New Zealand's media landscape could be set for a seismic shift as MediaWorks puts its TV arm and Auckland headquarters up for sale with no obvious buyers or Government intervention in sight.
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Up to 520 jobs hang in the balance at the cash-strapped, 29-year-old broadcaster, which was once worth $700m on the stock market.
As audiences steadily pick up new viewing habits with streaming service options in abundance, and what it says are inequities with its rival TVNZ, MediaWorks has effectively been fighting on two fronts and losing ground in both battles.
Advertisers have seen the viewing changes and jumped; spending in the digital realm has increased from $366m in 2012 to $899m in 2018.
MediaWorks bosses have ruled out a sudden closure of its flagship channel, Three, which screens Newshub's 6pm news, The Project and The AM Show, which is simulcast on its radio station Magic. It also owns Bravo, a "pure entertainment" channel known for reality shows, and ThreeLife, a lifestyle-focused channel.
But this week MediaWorks axed or reduced several shows including 7 Days and Married at First Sight NZ. The Project host Jesse Mulligan said Three might have no choice but to shut down if the Government doesn't change its broadcasting policy.
Media commentators said the TV business was worth "zero" and it was difficult to see who would take it on.
The sale is the latest blot on the media landscape in this country.
Stuff was also put up for sale this year but Australian owner Nine put that on hold after it failed to get a satisfactory bid.
TVNZ is on course for a $17m loss this financial year.
The announcement left MediaWorks staff reeling.
It is understood they found out about the plans six minutes before they were made public.
TV presenters were called to one-on-one meetings, though some of the network's biggest names are away. Newshub Live at 6 anchor Mike McRoberts is in Japan for the Rugby World Cup and Samantha Hayes is on maternity leave.
Former 6pm news anchor Hilary Barry, who spent 23 years at MediaWorks, said she was "incredibly sad and concerned" for her former colleagues.
"There are so many talented and genuinely wonderful people there. I just want to give every one of them a giant hug," she tweeted.
MediaWorks chief executive Michael Anderson also dismissed any suggestion that the announcement was an attempt to force the Government's hand over regulations governing TVNZ.
"I actually feel quite angry about such statements.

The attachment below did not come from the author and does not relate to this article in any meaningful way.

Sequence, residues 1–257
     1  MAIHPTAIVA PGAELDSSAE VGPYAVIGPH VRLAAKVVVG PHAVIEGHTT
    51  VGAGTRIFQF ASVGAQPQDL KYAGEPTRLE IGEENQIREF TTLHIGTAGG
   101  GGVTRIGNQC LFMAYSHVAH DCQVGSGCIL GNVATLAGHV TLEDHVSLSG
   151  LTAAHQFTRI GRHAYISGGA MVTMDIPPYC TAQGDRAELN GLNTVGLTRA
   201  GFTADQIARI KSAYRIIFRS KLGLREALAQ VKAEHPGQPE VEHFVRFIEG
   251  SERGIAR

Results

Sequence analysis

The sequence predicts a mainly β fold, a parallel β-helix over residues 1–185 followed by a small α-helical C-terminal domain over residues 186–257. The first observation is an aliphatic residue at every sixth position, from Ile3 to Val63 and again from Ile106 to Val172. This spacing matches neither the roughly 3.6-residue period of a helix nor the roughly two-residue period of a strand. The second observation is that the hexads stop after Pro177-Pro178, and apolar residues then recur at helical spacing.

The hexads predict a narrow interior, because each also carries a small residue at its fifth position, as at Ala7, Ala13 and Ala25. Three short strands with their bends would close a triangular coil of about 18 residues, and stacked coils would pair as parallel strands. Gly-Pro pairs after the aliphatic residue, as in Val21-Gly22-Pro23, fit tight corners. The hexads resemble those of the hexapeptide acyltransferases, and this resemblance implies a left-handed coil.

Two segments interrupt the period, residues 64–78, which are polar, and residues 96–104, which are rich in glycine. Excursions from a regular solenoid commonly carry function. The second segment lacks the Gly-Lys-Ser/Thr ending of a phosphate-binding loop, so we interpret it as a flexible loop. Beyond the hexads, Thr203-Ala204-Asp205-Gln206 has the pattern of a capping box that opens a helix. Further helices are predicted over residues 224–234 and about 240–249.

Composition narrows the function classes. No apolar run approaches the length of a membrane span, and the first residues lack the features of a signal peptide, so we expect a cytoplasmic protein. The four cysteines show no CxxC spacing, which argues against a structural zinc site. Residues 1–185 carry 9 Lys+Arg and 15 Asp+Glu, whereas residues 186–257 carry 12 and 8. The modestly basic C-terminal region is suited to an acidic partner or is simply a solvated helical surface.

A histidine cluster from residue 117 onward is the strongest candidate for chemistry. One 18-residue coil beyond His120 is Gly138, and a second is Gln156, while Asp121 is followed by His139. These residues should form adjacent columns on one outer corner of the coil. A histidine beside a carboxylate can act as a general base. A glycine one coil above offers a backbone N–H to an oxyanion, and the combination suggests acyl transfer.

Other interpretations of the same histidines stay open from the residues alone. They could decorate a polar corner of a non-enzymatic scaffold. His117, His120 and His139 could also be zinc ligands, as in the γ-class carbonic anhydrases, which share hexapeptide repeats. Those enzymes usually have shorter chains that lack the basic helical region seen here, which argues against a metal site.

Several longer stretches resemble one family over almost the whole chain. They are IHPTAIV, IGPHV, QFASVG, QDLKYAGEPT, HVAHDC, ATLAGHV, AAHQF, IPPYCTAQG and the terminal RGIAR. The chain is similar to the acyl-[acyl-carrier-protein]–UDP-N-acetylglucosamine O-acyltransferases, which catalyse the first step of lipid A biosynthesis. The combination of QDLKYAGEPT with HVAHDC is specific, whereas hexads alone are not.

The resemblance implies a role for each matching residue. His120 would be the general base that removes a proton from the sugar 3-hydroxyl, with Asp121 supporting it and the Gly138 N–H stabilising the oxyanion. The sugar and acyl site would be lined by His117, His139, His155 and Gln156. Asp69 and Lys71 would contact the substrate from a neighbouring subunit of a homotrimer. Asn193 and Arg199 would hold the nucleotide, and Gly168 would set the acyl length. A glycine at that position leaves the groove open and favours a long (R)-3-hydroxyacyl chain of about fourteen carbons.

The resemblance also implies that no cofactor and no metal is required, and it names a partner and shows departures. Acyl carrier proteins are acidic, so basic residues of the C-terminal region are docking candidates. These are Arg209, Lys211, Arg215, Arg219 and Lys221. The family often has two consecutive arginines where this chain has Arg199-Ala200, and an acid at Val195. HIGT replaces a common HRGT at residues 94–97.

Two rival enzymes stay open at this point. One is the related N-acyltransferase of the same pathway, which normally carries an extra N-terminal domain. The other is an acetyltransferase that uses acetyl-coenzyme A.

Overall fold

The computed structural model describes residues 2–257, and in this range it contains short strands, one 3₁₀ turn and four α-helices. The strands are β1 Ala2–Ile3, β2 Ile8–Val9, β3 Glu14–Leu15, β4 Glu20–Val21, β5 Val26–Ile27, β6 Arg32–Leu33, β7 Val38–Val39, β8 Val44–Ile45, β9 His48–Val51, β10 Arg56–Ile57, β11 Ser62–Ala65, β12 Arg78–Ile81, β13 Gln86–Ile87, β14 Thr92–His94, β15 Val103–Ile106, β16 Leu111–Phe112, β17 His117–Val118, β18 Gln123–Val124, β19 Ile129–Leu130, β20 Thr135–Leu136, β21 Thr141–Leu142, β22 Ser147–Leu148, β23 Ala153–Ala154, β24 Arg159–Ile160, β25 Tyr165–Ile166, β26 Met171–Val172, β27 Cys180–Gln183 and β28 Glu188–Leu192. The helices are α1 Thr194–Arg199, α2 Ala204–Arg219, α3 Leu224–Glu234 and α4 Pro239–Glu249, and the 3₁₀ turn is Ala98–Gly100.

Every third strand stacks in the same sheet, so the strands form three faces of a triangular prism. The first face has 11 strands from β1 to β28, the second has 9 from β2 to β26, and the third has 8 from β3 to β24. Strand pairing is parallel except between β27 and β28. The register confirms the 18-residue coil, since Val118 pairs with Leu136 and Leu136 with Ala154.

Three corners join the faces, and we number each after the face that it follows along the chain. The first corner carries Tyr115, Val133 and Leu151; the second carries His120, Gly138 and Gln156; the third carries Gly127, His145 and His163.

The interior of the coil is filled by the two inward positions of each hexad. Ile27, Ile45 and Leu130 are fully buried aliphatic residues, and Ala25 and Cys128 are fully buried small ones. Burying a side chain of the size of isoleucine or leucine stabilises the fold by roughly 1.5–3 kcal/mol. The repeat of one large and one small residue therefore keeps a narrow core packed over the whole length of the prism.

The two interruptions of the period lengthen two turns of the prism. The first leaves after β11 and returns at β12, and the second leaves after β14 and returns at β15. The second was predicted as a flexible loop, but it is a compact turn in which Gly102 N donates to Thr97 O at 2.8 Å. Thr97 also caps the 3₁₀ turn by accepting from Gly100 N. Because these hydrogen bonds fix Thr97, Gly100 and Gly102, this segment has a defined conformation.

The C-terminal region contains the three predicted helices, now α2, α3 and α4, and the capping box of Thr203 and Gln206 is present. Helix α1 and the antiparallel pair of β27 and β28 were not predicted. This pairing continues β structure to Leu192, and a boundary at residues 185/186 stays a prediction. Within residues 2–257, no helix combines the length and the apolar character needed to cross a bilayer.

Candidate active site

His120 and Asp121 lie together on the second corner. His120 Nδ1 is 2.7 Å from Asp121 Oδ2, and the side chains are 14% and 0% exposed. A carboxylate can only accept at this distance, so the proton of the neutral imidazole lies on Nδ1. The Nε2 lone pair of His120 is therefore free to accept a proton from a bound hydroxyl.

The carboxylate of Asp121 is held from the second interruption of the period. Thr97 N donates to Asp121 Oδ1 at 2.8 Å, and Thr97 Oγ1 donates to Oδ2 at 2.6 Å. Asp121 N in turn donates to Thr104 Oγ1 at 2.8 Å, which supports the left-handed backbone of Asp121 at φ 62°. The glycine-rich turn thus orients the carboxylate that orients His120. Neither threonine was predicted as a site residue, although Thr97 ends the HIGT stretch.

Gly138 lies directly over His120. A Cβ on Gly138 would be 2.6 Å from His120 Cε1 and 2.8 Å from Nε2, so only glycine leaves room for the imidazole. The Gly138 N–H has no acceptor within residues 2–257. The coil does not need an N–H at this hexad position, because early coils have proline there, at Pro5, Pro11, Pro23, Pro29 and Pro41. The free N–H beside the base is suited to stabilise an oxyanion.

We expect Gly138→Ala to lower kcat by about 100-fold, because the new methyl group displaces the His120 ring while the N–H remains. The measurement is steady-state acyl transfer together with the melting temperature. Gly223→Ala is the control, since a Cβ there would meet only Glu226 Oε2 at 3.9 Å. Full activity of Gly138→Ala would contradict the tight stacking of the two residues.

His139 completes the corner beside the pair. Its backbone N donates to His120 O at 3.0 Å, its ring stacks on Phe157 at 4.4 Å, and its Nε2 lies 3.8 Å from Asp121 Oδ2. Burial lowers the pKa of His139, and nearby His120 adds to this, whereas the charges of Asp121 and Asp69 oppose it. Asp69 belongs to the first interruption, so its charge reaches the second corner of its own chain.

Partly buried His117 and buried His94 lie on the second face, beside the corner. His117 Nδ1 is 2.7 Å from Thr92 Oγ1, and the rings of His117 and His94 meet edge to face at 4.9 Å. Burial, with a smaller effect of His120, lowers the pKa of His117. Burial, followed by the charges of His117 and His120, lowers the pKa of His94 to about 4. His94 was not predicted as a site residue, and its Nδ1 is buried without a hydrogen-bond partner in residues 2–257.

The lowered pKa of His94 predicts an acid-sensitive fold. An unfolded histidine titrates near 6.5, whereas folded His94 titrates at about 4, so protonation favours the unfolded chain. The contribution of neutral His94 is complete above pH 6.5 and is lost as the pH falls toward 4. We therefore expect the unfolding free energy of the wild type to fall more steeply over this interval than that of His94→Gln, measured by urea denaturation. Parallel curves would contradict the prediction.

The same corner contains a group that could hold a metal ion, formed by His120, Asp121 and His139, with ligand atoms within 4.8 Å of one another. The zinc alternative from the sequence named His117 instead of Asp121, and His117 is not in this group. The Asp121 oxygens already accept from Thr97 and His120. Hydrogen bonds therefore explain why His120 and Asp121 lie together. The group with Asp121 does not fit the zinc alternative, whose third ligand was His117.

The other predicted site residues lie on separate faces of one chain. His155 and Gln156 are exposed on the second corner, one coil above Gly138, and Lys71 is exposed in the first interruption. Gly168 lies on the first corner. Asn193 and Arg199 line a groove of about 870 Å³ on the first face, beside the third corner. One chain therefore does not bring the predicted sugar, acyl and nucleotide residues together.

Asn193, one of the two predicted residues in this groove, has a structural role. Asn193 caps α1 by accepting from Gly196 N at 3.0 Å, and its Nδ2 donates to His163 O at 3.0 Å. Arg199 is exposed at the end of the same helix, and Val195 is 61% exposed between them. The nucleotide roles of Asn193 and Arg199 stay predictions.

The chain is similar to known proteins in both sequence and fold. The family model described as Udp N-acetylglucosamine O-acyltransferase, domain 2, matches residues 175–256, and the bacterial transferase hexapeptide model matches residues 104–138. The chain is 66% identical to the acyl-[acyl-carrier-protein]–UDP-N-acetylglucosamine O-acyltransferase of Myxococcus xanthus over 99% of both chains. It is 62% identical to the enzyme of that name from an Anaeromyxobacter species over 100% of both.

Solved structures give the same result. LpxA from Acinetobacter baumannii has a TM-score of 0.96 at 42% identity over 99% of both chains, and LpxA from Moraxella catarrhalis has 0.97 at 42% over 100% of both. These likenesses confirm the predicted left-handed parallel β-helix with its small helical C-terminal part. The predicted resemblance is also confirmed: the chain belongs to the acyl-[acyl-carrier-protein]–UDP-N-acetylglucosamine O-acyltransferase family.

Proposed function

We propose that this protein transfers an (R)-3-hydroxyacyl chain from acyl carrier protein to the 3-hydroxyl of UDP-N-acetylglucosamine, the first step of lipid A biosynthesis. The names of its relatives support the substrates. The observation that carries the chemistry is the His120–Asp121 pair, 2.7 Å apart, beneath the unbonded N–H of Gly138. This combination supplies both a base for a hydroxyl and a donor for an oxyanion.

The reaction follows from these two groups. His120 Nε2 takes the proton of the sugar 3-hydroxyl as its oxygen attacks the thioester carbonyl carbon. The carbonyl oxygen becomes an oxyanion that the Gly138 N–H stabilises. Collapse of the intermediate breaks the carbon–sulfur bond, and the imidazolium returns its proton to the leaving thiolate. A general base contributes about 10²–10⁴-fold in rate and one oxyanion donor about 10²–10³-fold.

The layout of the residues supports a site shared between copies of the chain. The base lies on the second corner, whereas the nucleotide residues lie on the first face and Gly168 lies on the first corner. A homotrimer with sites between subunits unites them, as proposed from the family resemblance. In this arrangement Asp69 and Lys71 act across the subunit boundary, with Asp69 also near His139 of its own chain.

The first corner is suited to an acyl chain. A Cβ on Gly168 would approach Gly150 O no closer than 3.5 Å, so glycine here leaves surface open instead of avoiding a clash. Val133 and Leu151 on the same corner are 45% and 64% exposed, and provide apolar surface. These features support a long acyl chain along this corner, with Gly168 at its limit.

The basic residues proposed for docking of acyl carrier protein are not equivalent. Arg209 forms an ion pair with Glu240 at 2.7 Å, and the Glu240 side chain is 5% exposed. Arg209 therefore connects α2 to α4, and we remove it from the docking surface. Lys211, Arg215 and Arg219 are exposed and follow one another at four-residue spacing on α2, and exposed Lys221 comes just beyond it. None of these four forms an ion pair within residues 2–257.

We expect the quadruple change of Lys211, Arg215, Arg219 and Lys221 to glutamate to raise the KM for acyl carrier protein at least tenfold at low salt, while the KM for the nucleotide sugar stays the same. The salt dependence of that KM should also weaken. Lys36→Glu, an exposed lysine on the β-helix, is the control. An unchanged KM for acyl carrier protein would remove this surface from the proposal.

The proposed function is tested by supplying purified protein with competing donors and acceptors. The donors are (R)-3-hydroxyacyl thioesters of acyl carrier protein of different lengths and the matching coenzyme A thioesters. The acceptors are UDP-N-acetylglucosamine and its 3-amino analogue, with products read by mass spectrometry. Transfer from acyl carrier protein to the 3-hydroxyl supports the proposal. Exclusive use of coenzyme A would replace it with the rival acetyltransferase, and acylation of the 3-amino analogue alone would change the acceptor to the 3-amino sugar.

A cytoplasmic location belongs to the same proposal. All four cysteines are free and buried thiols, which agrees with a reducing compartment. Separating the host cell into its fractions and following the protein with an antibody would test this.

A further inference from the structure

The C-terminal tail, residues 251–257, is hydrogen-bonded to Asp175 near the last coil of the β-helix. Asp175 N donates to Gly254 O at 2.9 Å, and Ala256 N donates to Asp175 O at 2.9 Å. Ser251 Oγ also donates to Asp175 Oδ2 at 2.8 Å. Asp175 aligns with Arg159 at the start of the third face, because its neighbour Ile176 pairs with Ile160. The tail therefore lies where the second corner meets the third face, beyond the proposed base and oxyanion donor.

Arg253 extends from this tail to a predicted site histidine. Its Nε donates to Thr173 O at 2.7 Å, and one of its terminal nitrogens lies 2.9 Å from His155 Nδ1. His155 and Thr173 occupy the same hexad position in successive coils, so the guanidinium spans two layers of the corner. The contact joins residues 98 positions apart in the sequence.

"We would never put our staff in a position where we were just bluffing and putting them through the uncertainty they're going through."
TVNZ, whose profit nearly halved in the year to June, has stopped paying dividends to the Government.
The Government is looking at its options to strengthen public media, which could include making TVNZ advert-free — allowing MediaWorks to pick up leftover ad revenue.
Asked if it was a level playing field, Prime Minister Jacinda Ardern said yesterday: "This Government is not putting funding into the day-to-day operations of TVNZ and I think that's important to keep in mind."
She said there was a place for a public broadcaster in New Zealand, and the Government was strengthening public broadcasting.
"We need to have a strong fourth estate.
"We need to have a strong media to hold to account both political agents, but others as well."
Commerce Minister Kris Faafoi has said work would be unveiled before the end of the year, and would not be fast-tracked as a result of the MediaWorks' sale.
Media agency veteran Alex Lawson said he could not think of anyone who would want to buy MediaWorks' TV assets.
Lawson, the general manager at Carat, said the obvious choice would be another media company, but he couldn't think of a local player with the means or appetite to fork out for the business.
"It's a really tough sell. It would have to come from abroad.
"Maybe another international private capital group or an Australian broadcaster?"
Former MediaWorks head of news Mark Jennings said the TV business was worth "zero".
"I don't think anybody's going to buy it, but somebody might take it off their hands if they can see a way forward."
He believed MediaWorks was genuine in putting its assets up for sale.